Environmental disasters and the effects of climate change are becoming ever more evident. They highlight insufficient global and nation-state climate and environmental policies, the exploitation of natural resources, the extent of climate disasters such as drought, floods, and the decline of biodiversity, and related and overlapping problems such as migration, poverty, conflict, and marginalisation. The youth environmental movement ‘Fridays for Future’, which arose in 2018, has been instrumental in raising media and political awareness of environmental and climate issues and highlighting their global dimension. While we recognise the relevance of this movement, we also want to highlight the long history of the defence of nature around the world, such as movements for land and indigenous territory, anti-extractivist struggles, and in general environmentalist activities of the poor.
Against the backdrop of environmental and climate activism mobilising for a liveable future around the world, we want to examine connections within and between those movements. The global dimension of such activism illustrates that environmental and climate crises do not stop at nation-state borders and therefore require global solutions. Activism has also become more transnationally interrelated, which points to increased transnational or global conflict resolutions through activism, as is evident in Fridays for Future.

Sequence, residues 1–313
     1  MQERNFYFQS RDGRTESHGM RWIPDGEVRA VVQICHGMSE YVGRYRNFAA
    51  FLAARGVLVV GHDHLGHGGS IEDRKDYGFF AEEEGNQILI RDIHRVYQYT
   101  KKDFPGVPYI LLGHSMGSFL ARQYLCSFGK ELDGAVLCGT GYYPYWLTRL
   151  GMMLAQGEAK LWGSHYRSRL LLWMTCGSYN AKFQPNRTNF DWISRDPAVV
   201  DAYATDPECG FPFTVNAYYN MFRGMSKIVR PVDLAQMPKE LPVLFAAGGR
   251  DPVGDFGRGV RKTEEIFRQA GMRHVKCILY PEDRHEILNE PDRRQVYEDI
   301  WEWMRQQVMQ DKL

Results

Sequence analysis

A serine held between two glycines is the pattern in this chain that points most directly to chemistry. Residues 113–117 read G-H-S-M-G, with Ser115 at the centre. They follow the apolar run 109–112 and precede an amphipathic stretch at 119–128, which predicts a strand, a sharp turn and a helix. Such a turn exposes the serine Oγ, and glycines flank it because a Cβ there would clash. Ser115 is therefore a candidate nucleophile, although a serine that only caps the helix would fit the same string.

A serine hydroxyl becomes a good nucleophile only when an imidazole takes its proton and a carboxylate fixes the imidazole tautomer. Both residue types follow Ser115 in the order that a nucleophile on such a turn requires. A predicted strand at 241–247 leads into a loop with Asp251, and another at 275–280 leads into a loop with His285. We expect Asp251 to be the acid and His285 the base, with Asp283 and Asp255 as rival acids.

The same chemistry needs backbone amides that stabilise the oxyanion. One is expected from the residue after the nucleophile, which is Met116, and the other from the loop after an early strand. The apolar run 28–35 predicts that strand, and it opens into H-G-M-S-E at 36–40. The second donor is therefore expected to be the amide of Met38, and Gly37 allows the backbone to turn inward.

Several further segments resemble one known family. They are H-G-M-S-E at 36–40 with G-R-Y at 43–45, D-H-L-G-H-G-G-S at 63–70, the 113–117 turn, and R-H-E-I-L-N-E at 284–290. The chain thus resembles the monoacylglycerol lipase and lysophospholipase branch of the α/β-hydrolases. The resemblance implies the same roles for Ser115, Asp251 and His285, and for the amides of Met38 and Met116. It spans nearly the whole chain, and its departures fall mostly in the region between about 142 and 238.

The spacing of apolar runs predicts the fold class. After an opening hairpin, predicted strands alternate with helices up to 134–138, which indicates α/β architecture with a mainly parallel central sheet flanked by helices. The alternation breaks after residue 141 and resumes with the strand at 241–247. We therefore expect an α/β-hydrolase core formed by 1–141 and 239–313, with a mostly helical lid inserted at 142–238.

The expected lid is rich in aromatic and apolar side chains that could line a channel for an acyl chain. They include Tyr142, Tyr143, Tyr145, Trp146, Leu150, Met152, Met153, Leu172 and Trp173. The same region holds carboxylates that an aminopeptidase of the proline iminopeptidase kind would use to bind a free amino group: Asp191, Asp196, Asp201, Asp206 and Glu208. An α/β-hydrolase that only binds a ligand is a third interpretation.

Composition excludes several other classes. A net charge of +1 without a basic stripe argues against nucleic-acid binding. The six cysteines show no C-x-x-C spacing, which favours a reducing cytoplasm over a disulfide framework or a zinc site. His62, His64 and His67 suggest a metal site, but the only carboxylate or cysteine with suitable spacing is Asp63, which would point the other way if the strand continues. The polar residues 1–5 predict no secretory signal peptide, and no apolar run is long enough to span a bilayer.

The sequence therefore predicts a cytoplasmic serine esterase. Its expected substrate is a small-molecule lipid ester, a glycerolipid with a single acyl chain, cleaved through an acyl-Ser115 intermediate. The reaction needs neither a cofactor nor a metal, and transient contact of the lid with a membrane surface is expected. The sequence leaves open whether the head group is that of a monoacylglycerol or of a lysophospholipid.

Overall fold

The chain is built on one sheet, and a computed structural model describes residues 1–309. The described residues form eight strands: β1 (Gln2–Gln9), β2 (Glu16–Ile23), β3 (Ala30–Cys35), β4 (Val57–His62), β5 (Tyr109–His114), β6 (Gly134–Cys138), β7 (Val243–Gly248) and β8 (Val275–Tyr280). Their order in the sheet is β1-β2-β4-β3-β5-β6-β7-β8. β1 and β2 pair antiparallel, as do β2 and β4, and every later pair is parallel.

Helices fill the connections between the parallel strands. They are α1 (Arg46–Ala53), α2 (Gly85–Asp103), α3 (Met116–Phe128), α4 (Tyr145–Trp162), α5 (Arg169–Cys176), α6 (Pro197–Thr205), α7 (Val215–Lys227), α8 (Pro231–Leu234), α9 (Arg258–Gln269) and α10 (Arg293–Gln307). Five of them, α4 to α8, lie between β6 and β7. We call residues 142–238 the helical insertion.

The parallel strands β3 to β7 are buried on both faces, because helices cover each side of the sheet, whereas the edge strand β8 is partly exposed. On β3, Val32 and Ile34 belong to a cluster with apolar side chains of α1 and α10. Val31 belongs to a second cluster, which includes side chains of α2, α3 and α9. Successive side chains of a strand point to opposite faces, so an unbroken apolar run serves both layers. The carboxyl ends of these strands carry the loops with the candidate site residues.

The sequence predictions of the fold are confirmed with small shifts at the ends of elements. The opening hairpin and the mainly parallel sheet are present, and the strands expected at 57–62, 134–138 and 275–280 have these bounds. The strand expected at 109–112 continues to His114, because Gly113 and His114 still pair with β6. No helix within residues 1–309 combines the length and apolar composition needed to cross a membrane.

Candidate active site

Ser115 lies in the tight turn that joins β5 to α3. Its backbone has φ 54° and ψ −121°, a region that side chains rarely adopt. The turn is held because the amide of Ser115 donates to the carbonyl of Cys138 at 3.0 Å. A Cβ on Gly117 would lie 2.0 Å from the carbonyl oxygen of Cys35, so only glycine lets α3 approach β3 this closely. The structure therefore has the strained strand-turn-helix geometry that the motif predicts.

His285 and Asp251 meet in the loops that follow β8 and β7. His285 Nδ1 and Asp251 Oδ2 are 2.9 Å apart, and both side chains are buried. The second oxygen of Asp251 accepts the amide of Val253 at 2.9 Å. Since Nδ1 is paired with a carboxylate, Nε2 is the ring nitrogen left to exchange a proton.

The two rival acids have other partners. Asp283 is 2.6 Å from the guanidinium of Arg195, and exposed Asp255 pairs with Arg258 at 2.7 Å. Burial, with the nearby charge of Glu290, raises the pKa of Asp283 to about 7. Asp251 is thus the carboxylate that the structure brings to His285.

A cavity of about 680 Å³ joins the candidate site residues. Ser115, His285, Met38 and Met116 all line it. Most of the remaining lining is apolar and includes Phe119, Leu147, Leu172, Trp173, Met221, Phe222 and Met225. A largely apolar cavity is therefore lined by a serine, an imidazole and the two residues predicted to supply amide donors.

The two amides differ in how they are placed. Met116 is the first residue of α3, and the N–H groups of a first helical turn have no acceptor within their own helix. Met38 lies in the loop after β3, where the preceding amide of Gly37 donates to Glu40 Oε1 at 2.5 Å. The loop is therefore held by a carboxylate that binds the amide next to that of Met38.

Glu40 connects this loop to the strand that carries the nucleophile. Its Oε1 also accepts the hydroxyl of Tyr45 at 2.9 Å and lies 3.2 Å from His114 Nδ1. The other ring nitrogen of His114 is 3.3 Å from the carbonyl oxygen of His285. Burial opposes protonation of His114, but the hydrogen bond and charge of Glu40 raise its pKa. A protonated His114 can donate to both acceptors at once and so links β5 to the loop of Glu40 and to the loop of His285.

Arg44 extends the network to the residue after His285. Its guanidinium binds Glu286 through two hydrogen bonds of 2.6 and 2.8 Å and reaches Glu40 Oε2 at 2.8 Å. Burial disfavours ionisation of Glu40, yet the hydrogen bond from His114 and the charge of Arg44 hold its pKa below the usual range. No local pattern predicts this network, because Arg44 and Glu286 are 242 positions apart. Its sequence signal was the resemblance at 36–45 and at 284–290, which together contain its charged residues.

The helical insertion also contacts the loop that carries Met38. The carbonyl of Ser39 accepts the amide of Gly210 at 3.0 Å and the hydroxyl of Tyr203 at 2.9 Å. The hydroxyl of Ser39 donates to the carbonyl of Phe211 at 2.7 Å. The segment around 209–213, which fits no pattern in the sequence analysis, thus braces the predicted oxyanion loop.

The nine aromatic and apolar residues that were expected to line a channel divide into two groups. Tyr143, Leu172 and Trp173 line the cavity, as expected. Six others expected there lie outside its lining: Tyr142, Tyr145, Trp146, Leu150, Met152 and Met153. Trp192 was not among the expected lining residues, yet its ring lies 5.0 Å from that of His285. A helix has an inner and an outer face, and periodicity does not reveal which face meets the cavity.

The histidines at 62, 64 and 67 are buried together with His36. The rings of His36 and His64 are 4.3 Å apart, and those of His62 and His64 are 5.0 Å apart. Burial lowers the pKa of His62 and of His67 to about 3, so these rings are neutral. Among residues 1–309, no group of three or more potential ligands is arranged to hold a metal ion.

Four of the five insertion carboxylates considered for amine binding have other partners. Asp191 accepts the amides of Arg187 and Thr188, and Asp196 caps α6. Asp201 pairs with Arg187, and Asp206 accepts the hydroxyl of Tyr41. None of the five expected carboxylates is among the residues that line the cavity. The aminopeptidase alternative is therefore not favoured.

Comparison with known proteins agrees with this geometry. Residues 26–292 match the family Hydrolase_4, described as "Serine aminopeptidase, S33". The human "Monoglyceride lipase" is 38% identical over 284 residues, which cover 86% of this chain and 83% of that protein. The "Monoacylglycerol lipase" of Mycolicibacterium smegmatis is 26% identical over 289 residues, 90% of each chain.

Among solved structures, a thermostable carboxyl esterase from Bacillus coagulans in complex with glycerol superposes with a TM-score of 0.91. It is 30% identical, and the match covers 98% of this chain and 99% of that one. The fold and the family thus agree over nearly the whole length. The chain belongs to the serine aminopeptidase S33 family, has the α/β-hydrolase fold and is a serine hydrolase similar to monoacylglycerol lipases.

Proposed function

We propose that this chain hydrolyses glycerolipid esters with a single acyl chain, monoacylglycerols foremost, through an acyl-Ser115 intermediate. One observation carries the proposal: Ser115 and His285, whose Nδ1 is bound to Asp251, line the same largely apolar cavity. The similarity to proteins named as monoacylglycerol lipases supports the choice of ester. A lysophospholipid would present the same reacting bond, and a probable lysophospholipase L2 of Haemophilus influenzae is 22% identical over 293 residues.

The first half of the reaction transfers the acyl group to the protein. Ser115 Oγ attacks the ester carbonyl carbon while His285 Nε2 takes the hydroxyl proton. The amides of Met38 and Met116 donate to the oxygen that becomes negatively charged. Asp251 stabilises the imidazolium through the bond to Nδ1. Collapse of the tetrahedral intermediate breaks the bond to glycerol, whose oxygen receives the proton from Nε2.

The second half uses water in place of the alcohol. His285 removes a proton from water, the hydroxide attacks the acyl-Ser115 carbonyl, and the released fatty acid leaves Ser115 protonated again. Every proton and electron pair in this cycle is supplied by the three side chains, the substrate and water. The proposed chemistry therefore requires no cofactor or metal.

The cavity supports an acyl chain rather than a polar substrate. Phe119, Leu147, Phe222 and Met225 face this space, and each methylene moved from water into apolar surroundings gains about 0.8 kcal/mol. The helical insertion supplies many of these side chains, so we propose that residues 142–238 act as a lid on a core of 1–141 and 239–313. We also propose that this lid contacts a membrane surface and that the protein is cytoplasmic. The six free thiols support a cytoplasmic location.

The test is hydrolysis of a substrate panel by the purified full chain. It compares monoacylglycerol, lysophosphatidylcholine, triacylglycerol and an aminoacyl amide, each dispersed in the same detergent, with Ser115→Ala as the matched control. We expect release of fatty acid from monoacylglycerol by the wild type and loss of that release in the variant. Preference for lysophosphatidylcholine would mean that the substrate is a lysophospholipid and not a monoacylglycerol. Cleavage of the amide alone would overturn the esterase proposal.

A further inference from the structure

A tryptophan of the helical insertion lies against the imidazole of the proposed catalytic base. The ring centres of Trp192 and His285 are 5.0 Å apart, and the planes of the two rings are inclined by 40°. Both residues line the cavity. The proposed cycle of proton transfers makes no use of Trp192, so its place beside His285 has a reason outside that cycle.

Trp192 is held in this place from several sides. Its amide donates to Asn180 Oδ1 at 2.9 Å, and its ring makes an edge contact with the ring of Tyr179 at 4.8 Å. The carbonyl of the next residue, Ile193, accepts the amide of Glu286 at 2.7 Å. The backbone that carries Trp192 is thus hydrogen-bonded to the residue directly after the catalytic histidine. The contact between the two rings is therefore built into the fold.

While we are currently witnessing a very active debate on climate activism, it remains limited predominantly to Europe and the United States. Environmental and climate activism from the Global South(s) are underrepresented in anglophone and German-speaking literature, despite their multiplicity. A consideration of this activism is not only important against the background of the globality of the environmental and climate crisis, but also because in the Global South activism might differ, as the conditions of activism and resistance are different. For example, lethal state and para-state violence against environmental activists is more prevalent in South America than in Europe. Post-development approaches have also shown that the conceptions of the good life, and more generally of future imaginaries, in the Global South are diverse, and thus the objectives of activism are quite different, as are their self-organisation and strategies, which are also a result of their specific historical, cultural, social, and political contexts.
In this special issue, we aim to provide space for scholars and activists based in or from the Global South to reflect upon environmental and climate activism.
Publication date: Spring 2024